General chatter - Childhood Obesity: Danger Zone

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03-27-2007, 01:16 PM
Food Network is having a special on 3/31 about childhood obesity.

Childhood Obesity: Danger Zone

Obesity—it's the fastest growing cause of disease and death in our country, and it's attacking more than 12 million of our children. The Food Network goes to the front lines of the childhood obesity epidemic to find out what's fueling the explosion in overweight children and teenagers and what parents, teachers, doctors and public officials are doing to fight a problem the U.S. Surgeon General calls "more serious" than terrorism. While weight is the last thing most overweight teenagers want to talk about, we profile a 500–pound 18-year-old who's become a radio celebrity speaking candidly about his own struggle with obesity and his last-ditch effort to finally get his weight under control. We travel to Arkansas where governor Mike Huckabee has turned a personal weight battle into a public policy initiative designed to target at-risk children. We also meet an inspirational 14-year-old whose dramatic diet and lifestyle changes reversed his obesity-related disease. We learn how one Connecticut doctor is fighting back against unhealthy food by teaching kids how to become "supermarket spies" and "nutrition detectives." Finally, we visit a New Jersey school that transformed a budget cut into a student exercise opportunity, and a professional chef who's turning school lunch in Cambridge, Mass., into a healthy dining experience.

March 31- 9:00 PM ET
April 01- 12:00 AM ET
April 07- 5:00 PM ET
April 08- 6:00 PM ET

03-27-2007, 03:28 PM
Thanks for the "heads up" on this program. One of my children is an obese nineteen year old and I am always trying to encourage him to change his lifestyle to no avail. I hate to be on his case about this all the time but I don't know what else to do. I think his biggest problem is an obsession with video games and just plain overeatting. He is away at college and I am sure the endless availability of high fat goodies in the food plan is no help. I feel it is up to him to get serious and make a change but it is very difficult to watch him grow bigger every year.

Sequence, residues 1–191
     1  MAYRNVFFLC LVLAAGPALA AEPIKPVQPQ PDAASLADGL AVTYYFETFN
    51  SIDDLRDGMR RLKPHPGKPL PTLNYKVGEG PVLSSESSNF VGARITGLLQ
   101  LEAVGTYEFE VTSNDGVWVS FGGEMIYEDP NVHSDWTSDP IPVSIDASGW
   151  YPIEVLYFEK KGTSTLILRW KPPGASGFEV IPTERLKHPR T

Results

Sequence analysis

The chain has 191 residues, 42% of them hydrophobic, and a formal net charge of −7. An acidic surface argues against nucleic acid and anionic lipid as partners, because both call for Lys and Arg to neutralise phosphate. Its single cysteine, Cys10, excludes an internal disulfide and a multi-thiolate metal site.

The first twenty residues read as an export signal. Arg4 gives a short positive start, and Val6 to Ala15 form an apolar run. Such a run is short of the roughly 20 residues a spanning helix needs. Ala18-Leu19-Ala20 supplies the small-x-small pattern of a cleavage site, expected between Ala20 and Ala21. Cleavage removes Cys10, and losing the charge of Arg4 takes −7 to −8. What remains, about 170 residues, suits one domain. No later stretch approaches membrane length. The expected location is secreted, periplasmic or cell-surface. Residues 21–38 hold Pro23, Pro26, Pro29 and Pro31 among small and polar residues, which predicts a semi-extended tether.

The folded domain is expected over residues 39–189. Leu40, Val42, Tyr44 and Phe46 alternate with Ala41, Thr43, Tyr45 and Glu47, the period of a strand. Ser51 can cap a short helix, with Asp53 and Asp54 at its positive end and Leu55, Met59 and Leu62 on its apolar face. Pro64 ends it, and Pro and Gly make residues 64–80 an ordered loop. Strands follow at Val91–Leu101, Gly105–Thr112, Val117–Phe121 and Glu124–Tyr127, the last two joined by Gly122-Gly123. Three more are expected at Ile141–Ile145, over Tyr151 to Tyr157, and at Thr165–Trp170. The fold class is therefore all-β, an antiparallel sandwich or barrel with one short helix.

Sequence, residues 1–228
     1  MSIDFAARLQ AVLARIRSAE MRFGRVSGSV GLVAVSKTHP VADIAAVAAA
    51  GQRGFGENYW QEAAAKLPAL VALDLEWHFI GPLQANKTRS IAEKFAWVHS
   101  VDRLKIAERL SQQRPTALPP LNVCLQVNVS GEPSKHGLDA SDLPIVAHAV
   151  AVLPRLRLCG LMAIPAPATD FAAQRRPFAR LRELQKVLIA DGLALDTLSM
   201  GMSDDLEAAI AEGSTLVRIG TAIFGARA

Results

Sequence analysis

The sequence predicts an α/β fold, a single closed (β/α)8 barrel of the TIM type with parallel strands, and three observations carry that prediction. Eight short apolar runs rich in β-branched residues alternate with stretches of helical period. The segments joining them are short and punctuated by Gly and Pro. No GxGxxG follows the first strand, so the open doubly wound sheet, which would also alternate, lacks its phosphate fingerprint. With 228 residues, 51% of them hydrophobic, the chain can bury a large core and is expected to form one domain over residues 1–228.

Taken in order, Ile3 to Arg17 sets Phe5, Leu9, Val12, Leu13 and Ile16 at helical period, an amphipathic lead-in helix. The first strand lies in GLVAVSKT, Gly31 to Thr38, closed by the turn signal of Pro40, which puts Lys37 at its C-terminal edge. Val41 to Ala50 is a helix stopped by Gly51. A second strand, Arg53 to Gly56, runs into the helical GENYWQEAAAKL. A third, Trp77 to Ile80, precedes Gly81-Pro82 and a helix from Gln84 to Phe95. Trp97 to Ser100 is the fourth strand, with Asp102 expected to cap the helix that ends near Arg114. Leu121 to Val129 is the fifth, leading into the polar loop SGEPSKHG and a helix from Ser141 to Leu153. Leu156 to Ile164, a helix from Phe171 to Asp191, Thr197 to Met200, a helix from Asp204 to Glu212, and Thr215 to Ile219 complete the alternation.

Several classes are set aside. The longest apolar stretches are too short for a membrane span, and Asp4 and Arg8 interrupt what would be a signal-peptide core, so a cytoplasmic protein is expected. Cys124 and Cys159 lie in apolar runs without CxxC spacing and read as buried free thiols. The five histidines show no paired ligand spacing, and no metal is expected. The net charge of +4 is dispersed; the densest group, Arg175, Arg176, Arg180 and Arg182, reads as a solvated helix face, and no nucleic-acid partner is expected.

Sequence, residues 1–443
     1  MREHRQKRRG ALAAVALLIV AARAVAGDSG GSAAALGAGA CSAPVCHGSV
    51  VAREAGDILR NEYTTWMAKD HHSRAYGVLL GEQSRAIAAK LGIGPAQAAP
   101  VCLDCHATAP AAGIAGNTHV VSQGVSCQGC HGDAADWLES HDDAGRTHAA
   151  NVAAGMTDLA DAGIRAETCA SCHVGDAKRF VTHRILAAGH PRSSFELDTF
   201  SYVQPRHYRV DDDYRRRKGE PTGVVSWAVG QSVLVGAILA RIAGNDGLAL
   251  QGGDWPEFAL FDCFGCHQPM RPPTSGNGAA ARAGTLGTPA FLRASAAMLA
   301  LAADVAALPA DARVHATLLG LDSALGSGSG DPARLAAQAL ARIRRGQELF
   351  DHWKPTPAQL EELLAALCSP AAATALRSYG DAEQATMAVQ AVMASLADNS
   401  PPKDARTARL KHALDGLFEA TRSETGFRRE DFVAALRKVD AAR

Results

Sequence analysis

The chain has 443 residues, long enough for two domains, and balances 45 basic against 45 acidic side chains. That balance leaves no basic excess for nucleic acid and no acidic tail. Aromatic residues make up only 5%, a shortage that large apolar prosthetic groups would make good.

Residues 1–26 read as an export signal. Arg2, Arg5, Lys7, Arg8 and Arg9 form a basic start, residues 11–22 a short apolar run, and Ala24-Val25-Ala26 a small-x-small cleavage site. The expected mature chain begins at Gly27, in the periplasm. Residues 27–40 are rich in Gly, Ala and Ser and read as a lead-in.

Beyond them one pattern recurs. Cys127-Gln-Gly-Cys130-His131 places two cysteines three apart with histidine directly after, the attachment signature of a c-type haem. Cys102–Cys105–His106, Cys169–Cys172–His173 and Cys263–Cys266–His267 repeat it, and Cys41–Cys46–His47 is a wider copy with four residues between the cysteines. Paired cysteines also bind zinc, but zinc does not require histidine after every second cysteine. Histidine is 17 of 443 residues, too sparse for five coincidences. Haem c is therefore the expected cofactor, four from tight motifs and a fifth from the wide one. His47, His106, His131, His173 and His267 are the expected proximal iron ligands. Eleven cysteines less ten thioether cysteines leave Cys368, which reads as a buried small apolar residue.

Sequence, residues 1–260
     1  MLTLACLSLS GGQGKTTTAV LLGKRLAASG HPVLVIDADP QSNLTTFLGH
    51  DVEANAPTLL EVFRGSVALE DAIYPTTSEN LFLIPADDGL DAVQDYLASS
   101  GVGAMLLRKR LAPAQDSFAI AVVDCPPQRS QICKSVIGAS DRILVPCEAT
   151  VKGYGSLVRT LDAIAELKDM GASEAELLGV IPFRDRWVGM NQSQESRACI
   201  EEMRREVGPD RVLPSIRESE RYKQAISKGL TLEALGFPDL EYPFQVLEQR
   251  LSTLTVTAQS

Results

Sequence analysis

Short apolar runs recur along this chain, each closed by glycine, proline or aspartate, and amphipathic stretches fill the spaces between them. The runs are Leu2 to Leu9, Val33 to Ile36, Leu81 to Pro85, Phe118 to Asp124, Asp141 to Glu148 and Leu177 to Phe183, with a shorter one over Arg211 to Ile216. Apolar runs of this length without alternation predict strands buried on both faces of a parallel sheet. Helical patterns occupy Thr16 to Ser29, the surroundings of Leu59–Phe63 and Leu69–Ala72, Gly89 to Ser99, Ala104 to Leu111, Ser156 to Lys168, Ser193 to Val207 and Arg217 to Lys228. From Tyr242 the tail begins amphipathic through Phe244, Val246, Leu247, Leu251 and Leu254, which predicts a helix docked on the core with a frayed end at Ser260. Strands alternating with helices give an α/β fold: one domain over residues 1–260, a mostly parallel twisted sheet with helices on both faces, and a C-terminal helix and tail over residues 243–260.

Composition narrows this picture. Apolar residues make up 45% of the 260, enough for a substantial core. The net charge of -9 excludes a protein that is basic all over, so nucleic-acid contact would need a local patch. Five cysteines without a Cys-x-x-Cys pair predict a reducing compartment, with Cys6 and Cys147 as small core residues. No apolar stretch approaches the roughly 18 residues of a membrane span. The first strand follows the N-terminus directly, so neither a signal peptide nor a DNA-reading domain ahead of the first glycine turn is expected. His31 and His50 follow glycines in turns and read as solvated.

03-28-2007, 11:05 AM
My school does things to improve our health. Like taking out the soda machines when the contract ends...and taking out the line with all the french fries, pizzas, etc.

Except how does this go over with everyone? Everyone gets really pissed off (most of the kids) because they say that if the kids don't get the junk at school they'll get it at home...and that if someone wants to get junk food, they'll find a way. (And also...because they only allow the junk food on Wednesdays, there are two boys who buy candy and poptarts and sell it for profit at school...a dollar for 2 poptarts...Now how is that any better? Now junk food is MORE accesible than before).

So let the restaurants keep serving their dishes, and the fast fast food chains keep selling...and let the schools have their junk foods and sodas. Society didn't make us buy the food. It's our decision what goes in our mouths.

Kids WILL find a way to get junk food if they want it. And the more you deprive a person of what they want the more they'll indulge on it when they can.

However, I don't buy sodas at school or get school lunch, and I'm 245 pounds, definitely obese. It's all wonderful to try and improve health...but for me, the schools aren't what needs to be improved that much.

It's the fast food chains and restaurants that are a big factor in my weight, and the fact that no one knows the nutrition in their meals at restaurants. And lots of people don't look at the calories in what they buy.

People HAVE to be more aware of themselves in our society, and it has to the concious effort of the individual moreso than society. Society SHOULD help us least give up the information. We'll look at it. Then it's OUR decision from there on out that will be blamed.

03-28-2007, 01:24 PM
At my daughters school they dont have soda machines. Instead they have ones with juice, water and gatorade. They do have snack machines. They are only allowed to buy something at their afternoon break. Not during lunch. They also dont have choices at lunch. One menu is prepared and thats it.

She was at a different school a couple years ago. The kids were allowed to bring snacks from home daily and allowed to purchase from the school one day a week. She always took baby carrots and dip, string cheese or something similar. Well we were in a rush one morning and I put a chocolate snack size pudding in her backpack. The teacher refused to let her eat it saying they only allowed healthy snacks at school. The next day they were allowed to buy snacks. What kind of items were they selling? Sodas, chips, candy bars and candy! Yeah thats healthy!!

Another teacher told her she would need to bring a better lunch to school. What did she have in her lunchbox? Baby carrots and dip, string cheese, yogurt tube and either milk or a yahoo snack box. The reason the teacher was mad is because my daughter didnt have a sandwich to eat! :?: